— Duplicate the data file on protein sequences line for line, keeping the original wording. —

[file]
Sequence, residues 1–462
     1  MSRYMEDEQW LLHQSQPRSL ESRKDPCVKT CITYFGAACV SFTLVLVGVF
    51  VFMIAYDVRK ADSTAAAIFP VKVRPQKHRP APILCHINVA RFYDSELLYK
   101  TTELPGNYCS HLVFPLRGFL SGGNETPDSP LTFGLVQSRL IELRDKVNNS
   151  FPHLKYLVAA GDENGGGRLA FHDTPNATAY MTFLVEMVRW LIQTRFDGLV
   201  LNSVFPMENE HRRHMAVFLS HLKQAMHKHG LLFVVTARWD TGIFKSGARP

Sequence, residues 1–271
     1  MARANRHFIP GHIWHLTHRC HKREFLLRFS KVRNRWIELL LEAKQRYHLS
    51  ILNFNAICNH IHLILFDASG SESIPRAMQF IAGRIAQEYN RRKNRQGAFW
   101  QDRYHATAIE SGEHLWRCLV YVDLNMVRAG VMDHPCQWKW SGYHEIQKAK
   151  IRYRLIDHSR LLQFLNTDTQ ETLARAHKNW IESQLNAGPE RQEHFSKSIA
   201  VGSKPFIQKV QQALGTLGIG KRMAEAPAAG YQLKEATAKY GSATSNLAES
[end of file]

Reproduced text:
Sequence, residues 1–462
     1  MSRYMEDEQW LLHQSQPRSL ESRKDPCVKT CITYFGAACV SFTLVLVGVF
    51  VFMIAYDVRK ADSTAAAIFP VKVRPQKHRP APILCHINVA RFYDSELLYK
   101  TTELPGNYCS HLVFPLRGFL SGGNETPDSP LTFGLVQSRL IELRDKVNNS
   151  FPHLKYLVAA GDENGGGRLA FHDTPNATAY MTFLVEMVRW LIQTRFDGLV
   201  LNSVFPMENE HRRHMAVFLS HLKQAMHKHG LLFVVTARWD TGIFKSGARP

Sequence, residues 1–271
     1  MARANRHFIP GHIWHLTHRC HKREFLLRFS KVRNRWIELL LEAKQRYHLS
    51  ILNFNAICNH IHLILFDASG SESIPRAMQF IAGRIAQEYN RRKNRQGAFW
   101  QDRYHATAIE SGEHLWRCLV YVDLNMVRAG VMDHPCQWKW SGYHEIQKAK
   151  IRYRLIDHSR LLQFLNTDTQ ETLARAHKNW IESQLNAGPE RQEHFSKSIA
   201  VGSKPFIQKV QQALGTLGIG KRMAEAPAAG YQLKEATAKY GSATSNLAES